Passive targeting of nanoparticles (NPs) takes advantage of the abnormal tumor physiology and structure that results in the EPR effect. Particles’ circulation time, targeting, and the ability to overcome biological barriers can be modified by changing its size, particle shape, and surface characteristics. CD Bioparticles offers custom services for particle synthesis and modification used in passive drug delivery system.
Introduction to Influence of Particle Size, Shape and Surface Characteristics on Passive Targeting
The distribution and accumulation of NPs in tumors are also multifaceted and are affected by the biological and physicochemical properties of each material. In passive targeting, macromolecules including NPs accumulate preferentially in the tumor tissues as a result of the enhanced permeability and retention (EPR) phenomenon. Modifying physiological properties such as particle size, shape and surface characteristics of particles will have a deep effect on their performance.
Passive targeting is largely possible through diffusion-mediated transport, which makes size a critically important factor. The size of the nanomaterial influences the kinetics and extent of tumor accumulation. Conventionally, the optimal size range of a particle is 40-200 nm, which will ensure longer circulation time, increased accumulation within the tumor mass and lower renal clearance. It has been noted that a nanoparticle must be at least 10 nm in diameter to avoid clearance by first pass renal filtration. Furthermore, the distribution of smaller particles is usually more homogenous.
Like particle size, particle shape the curvature also plays an important role in cellular uptake within the tumor. NPs may exhibit an extensive range of geometries—from spherical to tubular, through centric, eccentric and star like. While spherical NPs are good candidates for drug delivery, anisotropic structures can sometimes provide higher efficiencies in drug deliver (due to a more favorable configuration with the cell), although the sharp edges and corners may induce injuries to blood vessels. NPs may be hollow, dense, nanostructured, or in core-shell (eventually with multiple cores) structures, enhancing the NP load capacity and specific targeting ability.
One of the studies demonstrated that the cylindrical particles had a greater uptake into the cells. Also, the aspect ratio of the nanoparticles plays a very important role in determining their uptake. Another study showed that particles with 150 nm diameter and 450 nm heights were taken into the cells approximately four times faster than symmetrical particles with an aspect ratio of 200. A general statement is that the rigid, spherical particles, which are particularly 100-200 nm in size, have the greatest propensity for prolonged circulation because they are large enough to avoid any liver uptake, but at the same time, are optimal in size to avoid filtration in the spleen.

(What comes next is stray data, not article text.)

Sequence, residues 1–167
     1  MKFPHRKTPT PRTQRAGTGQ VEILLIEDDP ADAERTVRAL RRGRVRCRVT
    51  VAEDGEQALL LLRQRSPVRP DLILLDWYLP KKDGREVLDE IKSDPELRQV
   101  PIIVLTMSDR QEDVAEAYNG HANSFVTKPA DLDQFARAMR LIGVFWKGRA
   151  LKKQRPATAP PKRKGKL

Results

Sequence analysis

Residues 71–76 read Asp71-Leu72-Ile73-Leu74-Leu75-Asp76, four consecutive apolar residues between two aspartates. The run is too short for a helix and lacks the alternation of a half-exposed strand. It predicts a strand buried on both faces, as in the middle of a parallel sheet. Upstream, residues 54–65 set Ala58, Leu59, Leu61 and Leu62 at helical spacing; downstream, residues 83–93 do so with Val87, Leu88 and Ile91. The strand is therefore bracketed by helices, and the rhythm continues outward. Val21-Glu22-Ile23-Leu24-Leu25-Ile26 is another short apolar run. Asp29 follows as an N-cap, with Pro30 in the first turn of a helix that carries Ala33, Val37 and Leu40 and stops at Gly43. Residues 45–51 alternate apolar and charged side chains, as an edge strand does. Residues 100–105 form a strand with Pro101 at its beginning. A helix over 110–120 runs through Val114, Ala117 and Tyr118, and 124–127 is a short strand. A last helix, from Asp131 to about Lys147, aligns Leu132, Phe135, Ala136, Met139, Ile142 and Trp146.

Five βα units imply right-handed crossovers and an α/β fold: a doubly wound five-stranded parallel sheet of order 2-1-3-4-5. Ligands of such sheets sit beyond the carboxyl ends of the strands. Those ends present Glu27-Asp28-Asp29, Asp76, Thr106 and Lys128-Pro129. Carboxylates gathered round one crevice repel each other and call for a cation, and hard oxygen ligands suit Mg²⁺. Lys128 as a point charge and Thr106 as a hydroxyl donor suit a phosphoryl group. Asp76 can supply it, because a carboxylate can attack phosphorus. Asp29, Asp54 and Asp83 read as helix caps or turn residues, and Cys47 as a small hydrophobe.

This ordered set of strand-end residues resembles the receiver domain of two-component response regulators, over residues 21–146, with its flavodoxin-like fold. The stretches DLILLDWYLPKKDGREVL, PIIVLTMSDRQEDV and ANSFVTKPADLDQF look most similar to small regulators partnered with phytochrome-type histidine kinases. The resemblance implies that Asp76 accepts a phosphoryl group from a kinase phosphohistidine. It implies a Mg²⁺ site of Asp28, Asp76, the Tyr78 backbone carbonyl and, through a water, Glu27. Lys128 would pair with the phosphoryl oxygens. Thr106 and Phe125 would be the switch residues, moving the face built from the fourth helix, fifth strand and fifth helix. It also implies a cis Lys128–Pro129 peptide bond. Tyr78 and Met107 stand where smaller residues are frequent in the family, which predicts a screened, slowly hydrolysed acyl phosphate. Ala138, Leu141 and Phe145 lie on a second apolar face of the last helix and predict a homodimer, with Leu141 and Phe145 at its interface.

Surface characteristics also effect much in determining the extent of internalization of these NPs into cells. Relatively, the surface can be modified by the polymer composition, thus governing an extra amount of hydrophobicity or hydrophilicity to these particles. The presence of surface charge can alter the opsonisation profile of the material, its recognition by cells in the organs of the MPS and its overall plasma circulation profile. Negative surface charges can either increase, decrease or have no impact on the blood clearance of NPs, but positive charges are generally recognized as having a negative effect on the plasma exposure to the nanomaterial. For example, coating the nanoparticle surface with a hydrophilic polymer (like PEG) protect the nano-systems from opsonization and subsequent clearance by the reticuloendothelial system (RES). In addition, increasing the molecular weight of hydrophilic polymer chains will also increase the circulation time of these NPs.
Figure 1. By the enhanced permeability and retention effect, NPs passively diffuse through the leaky vasculature and accumulate in tumor tissues. (Pawar, Prasad V., et al. Focal Controlled Drug Delivery, Springer US: Boston, MA, 2014, 61-91.)
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Since passive targeting can be regulated by modifying the size, shape or in some cases, the surface dimensions of these nanoparticles, our experienced scientists are proficient in synthesizing nanocarriers with special required properties as follows.
|Shape||Spheres, cubes, stars, bipyramids, clusters, hollows, cages, shuttles, and so on.|
|Surface coating||polymers (PEG, PLGA, PLA, PEI, chitosan, dextran, copolymers), lipid, silane, and so on.|
Quotations and Ordering
1. Wakaskar RR. Passive and active targeting in tumor microenvironment. Int. J. Drug Dev. Res, 2017, 9, 37-41.
2. Sykes, Edward A., et al. Investigating the impact of nanoparticle size on active and passive tumor targeting efficiency. ACS Nano, 2014, 8(6), 5696-5706.
3. Steichen, S. D., Caldorera-Moore, M., Peppas, N. A. A review of current nanoparticle and targeting moieties for the delivery of cancer therapeutics. European Journal of Pharmaceutical Sciences, 2013, 48(3), 416-427.
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